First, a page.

Throughout February, executives and analysts from across the metals industries discussed and debated what the early days of the new administration of President Donald Trump have brought already, and what the outlook may be for coming issues.
The American Iron and Steel Institute (AISI) is pushing for a mosaic of trade, tax and regulatory reforms with the intent of stimulating domestic manufacturing.
AISIs 2017 federal priorities call for more infrastructure spending and support for energy exploration and pipeline construction, the Washington-based industry association said in its annual public policy agenda announcement Feb. 6.
In the regulatory bulls-eye are clean-power initiatives, greenhouse-gas protocols for utilities and automobiles, and workplace safety rulesall of which add too much expense to manufacturing, the steel organization argues.
As usual, AISIs agenda is heavily weighted toward more aggressive trade enforcement, especially with regard to foreign dumping and subsidization of imports.
The United States must press China and other nations to eliminate their steel overcapacity and to end all subsidies and other market-distorting policies that promote steel overcapacity ... and defend aggressively our ability to apply non-market-economy methodology to remedy injurious dumping by China, AISI wrote.
The institute urges greater transparency and industry participation in duty-evasion investigations by United States Customs and Border Protection. A more open duty-evasion complaint process went into effect in August 2016 as a result of the Enforce and Protect Act of 2015, but domestic participants have been disappointed with its rollout so far.
AISI wants Congress to reduce the corporate income tax to 15 percent or 20 percent, eliminate the corporate alternative minimum tax and allow accelerated depreciation and full expensing of capital expenditures.
The Trump administration now wields fresh political and legal vocabulary on trade, upending established practice in Washington that has held true for decades, attorneys said during a Jan. 31 industry panel at the Tampa Steel Conference.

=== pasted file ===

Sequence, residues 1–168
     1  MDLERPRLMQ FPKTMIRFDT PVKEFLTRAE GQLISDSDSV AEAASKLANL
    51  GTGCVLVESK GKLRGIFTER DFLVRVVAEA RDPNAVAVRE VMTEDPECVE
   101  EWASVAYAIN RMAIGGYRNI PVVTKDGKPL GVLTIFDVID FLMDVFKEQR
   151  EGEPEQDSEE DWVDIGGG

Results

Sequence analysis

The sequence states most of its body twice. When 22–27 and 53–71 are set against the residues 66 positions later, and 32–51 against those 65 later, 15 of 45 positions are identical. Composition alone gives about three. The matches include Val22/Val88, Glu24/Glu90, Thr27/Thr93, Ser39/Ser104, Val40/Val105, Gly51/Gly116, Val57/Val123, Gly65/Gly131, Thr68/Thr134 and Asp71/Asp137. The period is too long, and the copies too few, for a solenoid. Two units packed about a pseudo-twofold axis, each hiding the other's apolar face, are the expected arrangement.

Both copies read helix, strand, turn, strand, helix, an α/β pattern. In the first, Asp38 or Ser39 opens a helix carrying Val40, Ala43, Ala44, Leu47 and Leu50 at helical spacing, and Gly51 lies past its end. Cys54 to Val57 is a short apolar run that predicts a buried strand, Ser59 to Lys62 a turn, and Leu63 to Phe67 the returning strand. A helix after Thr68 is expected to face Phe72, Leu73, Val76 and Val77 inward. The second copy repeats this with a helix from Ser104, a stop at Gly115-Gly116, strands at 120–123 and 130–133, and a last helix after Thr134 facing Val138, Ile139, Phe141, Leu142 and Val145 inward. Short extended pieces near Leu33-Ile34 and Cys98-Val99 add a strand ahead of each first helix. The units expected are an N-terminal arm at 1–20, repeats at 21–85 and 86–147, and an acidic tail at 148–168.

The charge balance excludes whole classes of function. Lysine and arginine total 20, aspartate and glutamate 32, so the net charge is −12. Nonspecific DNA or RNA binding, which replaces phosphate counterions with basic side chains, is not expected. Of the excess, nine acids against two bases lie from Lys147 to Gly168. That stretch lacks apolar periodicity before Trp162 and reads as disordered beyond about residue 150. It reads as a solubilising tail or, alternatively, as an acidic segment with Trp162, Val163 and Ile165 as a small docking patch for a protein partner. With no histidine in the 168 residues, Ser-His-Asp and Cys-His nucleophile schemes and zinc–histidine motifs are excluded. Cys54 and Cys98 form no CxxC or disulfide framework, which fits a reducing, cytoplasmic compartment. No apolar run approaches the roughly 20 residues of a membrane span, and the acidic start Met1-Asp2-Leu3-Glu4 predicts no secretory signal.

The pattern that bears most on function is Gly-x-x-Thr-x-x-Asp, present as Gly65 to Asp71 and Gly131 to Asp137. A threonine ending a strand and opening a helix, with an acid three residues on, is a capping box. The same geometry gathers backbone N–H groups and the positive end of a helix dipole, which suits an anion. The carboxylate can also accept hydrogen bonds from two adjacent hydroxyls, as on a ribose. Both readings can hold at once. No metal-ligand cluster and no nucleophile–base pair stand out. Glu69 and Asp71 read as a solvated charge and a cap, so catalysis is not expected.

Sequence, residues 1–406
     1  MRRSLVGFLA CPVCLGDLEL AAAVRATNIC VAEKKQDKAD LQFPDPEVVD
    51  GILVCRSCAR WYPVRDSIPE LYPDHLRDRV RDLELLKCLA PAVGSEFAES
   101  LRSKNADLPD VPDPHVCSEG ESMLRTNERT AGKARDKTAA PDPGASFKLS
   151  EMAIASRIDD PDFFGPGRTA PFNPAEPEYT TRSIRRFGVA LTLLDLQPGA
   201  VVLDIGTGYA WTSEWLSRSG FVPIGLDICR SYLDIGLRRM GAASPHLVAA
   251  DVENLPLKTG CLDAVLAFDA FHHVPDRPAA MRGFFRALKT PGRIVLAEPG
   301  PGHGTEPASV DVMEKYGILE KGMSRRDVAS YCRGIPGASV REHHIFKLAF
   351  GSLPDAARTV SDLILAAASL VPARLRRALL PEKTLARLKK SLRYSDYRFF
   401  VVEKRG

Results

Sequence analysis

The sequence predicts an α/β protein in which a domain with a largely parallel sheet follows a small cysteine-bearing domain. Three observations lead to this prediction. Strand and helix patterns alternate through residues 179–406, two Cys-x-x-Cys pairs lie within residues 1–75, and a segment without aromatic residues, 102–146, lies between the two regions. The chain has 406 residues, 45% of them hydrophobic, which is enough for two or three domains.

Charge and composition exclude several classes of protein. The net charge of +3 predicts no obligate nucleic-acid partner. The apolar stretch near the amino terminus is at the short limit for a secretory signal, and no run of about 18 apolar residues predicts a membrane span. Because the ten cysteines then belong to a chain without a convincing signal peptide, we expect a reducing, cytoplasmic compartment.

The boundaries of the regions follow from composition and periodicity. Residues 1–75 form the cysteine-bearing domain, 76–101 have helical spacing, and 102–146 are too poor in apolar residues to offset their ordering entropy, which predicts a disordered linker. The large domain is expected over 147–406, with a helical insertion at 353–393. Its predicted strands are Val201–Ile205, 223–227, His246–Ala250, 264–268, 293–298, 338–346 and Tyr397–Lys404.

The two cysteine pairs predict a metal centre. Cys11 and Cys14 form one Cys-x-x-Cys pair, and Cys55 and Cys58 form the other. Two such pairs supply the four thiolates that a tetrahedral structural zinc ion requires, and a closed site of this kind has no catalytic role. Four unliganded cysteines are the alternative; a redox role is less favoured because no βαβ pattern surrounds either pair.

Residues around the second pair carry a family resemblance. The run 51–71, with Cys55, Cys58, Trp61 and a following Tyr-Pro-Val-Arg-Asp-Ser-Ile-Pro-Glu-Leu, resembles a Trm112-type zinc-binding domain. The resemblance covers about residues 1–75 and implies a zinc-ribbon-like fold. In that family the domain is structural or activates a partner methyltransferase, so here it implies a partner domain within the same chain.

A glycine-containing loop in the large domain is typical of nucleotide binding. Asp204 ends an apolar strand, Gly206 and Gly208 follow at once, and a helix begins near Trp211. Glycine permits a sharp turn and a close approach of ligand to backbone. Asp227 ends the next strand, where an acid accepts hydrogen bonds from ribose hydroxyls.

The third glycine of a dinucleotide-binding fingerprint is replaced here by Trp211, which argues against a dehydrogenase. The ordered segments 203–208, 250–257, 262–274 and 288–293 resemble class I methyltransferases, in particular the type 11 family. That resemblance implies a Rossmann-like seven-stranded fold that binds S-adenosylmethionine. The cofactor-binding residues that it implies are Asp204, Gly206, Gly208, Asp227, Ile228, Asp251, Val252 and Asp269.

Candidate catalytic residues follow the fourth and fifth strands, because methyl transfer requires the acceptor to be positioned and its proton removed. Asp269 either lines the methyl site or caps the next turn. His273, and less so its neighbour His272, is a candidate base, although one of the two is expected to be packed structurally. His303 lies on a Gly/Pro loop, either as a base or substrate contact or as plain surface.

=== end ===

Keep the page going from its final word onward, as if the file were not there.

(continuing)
Standard slogans used to cite free and fair trade, but President Trump and his team tout smart and sensible trade, said Alan Price, an attorney for Washington-based Wiley Rein LLP, who has counseled steelmakers for decades.
Relevant new vocabulary includes: America first, Buy American, hire American, border tax and smart trade and sensible trade, Price said.
We see a fundamental set of changes, said Price, who has also represented industries such as aluminum, solar panels, high-tech, low-tech and basic metals in trade disputes. That vocabulary is entirely different than the vocabulary weve heard for the last 25 years, in trade policy.
Specifically, Price expects to see government and industry potentially dust off old legal instruments on trade, from Section 232 actions to Section 301 actions, he told conference attendees. Many of these trade remedies have been unused since former President Ronald Reagans administration, he said.
In Prices view, the overall goal could be to rebalance the United States trade relations with other countriesspecifically, Mexico and Chinasaid Price, who has done extensive work on state-subsidized Chinese overcapacity.